Quite a bit different but I want to share in the interest of sharing my perspective: I have my own triggers, namely sugary things and pasta. Oh don't get me started on pasta. I CAN'T have it. I just can't. It makes me carb crave and go down into a bad cycle and then in a few days, my pants don't fit right. I've dealt with weight issues for much of my adult life and while I'm finally under a lot of control, that's only because I had to cut out some things that I just cannot have in moderation. 香蕉视频app网I have healthy substitutes that I do like (and yes, I do like them, but more for another post) but I've accepted that I just can't handle pasta due to my wiring because it makes me crave too much and I go off the wagon. And I'll tell you, it took me a long, long, long time to get there (YEARS) and heck, maybe I'll have a "relapse" in the future but I know what I have to do to keep myself healthy.

Alcoholics in recovery, who are successful and stay sober, don't ever drink. Drinking socially/in moderation is not possible. Does it suck? Yes. Is it fair? Absolutely not. But like with other addictions, the addict needs to stay away and be committed to that. I read your post and it almost seems to me like you're in the "bargaining" phase a bit. "Well, maybe I can quit for a bit and then I can enjoy it when I go out with friends once in a while..." and you have alcohol in your apartment. You may not be ready to give up drinking but I think you're making progress toward being ready to in the future. 

I urge you to keep exploring this in therapy, keep reading, and sure, attend some AA meetings, even if you just listen and don't say anything. Even if you are not ready to commit just yet, keep thinking about this, keep yourself engaged, and don't shut it out. I don't know when it will click for you but I know that you won't stop until you are 100% ready to. I don't know when that is but please know that we are all here for you.

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香蕉视频app网 I just wrote for advice on this topic too. I feel everything you have written. I wish I could control it but i'm not wired that way and i hate it. Please feel free to respond to my post, this comment and please feel free to pm me xxx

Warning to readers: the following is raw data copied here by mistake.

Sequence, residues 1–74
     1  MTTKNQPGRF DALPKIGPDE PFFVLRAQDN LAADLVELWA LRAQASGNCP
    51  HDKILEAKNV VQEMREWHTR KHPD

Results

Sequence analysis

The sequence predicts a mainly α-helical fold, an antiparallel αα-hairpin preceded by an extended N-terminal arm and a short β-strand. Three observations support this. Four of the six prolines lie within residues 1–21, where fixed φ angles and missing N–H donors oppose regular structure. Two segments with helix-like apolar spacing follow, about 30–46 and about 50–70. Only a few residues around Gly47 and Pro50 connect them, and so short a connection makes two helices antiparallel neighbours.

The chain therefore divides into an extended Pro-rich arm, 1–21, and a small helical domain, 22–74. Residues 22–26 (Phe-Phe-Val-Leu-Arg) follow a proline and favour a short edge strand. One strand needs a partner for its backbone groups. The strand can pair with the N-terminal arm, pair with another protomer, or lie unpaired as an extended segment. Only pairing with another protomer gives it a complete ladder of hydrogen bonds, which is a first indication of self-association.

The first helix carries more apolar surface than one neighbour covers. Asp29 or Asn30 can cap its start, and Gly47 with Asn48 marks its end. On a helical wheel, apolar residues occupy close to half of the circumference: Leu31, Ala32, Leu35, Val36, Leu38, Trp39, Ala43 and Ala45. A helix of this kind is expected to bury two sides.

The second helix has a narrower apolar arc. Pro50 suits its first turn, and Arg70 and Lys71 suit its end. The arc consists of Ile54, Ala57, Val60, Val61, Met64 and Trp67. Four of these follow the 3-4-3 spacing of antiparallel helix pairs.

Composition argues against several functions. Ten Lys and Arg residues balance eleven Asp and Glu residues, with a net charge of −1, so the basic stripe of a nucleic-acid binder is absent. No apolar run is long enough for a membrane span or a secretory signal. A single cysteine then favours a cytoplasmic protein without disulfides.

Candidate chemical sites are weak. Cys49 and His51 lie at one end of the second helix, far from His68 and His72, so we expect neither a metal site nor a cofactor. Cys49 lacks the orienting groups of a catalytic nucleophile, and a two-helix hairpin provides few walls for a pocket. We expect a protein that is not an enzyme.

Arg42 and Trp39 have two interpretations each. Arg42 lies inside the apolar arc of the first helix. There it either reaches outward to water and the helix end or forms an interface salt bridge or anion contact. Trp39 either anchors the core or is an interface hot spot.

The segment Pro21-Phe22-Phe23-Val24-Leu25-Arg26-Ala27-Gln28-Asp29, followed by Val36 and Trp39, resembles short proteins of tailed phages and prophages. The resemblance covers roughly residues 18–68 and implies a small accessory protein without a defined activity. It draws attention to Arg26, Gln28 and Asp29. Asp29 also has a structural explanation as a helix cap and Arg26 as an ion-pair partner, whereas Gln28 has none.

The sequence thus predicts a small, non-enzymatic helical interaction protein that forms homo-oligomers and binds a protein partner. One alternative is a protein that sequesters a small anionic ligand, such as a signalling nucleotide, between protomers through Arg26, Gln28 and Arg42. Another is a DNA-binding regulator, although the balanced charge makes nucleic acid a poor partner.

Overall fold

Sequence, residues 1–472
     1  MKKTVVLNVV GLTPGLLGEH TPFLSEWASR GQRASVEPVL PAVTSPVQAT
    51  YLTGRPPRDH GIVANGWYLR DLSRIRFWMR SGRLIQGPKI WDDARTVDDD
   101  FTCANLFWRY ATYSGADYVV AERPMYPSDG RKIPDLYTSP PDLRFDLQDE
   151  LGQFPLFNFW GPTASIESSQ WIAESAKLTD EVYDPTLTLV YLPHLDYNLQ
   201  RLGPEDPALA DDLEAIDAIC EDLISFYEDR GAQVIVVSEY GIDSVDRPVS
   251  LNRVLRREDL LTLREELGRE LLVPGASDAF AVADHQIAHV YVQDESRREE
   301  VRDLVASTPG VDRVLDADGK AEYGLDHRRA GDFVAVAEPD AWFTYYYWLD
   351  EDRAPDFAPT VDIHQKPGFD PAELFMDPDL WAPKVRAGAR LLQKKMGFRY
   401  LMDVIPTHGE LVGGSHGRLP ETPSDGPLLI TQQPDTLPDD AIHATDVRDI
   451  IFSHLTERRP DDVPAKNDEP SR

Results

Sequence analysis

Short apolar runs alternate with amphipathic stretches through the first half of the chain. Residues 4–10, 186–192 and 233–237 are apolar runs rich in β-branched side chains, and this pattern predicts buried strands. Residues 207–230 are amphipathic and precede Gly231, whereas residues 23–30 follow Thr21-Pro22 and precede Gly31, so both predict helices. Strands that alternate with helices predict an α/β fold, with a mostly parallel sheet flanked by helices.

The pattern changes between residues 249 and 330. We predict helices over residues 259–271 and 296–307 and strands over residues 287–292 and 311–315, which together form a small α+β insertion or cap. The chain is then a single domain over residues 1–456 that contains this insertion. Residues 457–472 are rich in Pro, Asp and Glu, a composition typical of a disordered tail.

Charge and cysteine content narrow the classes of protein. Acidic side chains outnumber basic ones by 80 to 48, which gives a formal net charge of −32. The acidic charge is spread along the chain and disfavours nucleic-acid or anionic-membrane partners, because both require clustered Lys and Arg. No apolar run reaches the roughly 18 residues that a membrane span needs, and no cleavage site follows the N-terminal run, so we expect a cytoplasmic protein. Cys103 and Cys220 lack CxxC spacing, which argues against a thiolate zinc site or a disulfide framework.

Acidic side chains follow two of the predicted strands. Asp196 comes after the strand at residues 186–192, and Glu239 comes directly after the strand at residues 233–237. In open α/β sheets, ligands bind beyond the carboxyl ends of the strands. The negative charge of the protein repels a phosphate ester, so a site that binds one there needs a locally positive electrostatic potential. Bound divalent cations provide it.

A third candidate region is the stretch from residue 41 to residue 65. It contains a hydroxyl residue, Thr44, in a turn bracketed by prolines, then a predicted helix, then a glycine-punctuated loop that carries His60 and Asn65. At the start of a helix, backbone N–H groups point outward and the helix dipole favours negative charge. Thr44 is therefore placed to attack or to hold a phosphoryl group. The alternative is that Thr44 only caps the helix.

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Tinydance, I honestly can't even imagine how difficult quitting must be, especially with all this stuff happening in your brain due to alcohol.

香蕉视频app网 I've actually met alcoholics, even fully functioning ones with a job and a family. It was no fun seeing how they wrecked their lives on the daily and the harrowing experiences they put my friends through. All the deceit, lies and empty promises. For what - another hit of alcohol.

香蕉视频app网 You've already admitted that you're an alcoholic. It takes courage to do that.

香蕉视频app网 Please know that others like yourself have struggled with alcoholism but beat it. Search the net and you'll find testimonies of people who have conquered their addiction. You can beat it too.

Are you ready to make a permanent change? I'm worried about you and I honestly desire for you to have an alcohol free future where you're getting healthier every day.

You don't need to go through this on your own. That's what help is for.  香蕉视频app网Seek healthcare professionals (a doctor, psychiatrist), join support groups, etc. Then throw away all your bottles at home, say no if someone invites you to a pub, be ready to ditch any friends who don't support you, etc. Remove any temptation.

香蕉视频app网 Visualize the future you want and tell yourself every day that you are strong and will make it. No matter how hard the road.

Don't focus on how long it will take you to quit. Just do whatever it takes to quit香蕉视频app网. If you relapse, you try again. And again and again until you get there.

 

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Tinydance

As you may remember I grew up with alcoholic parents.  One admitted they had a problem and openly said they were an alcoholic and the other thought everyone else had the problem and she had it under control.

Those last 4 words are the downfall of almost all alcoholics whether they are trying to stay clean or they are a functioning alcoholic.  Once they think they have it under control they are doomed.

香蕉视频app网  It sounds like you have been able to stop drinking for periods of time which means you can stop.  Your problem is that you say you are an alcoholic but you fail to realize that alcoholics cannot drink even one ounce of the stuff because they do not have it under control, the alcohol is in control.  Simply put you are in one of the highest risk factor group.  You could be clean for 6 years and have just one drink and be back where you are now in mere days.  I have seen it and lived it.

香蕉视频app网   Until you accept that you can never drink ever again the rest of your life this cycle will continue.

Most programs require you quit all at once because they simply know most alcoholics don't have an off switch so there is no weaning them off booze.  It can be dangerous so going it alone is risky.  My father died trying to stop drinking.  Strange how the thing that is slowly killing you and your life ends up taking your life because you stop.

Do you accept that you cannot drink at all ever again?  You cannot just cut back to one glass in the evening, it has to be no more alcohol ever again.  I know it isn't easy trust me but until you can admit that the alcohol is in control and you cannot drink ever again you will continue like you are until something really serious happens to you.  It is the complex and that simple.  The programs actually remind you that you do not have the addiction under control and you cannot just have one drink.

香蕉视频app网 PM me if you want to talk, I will help if I can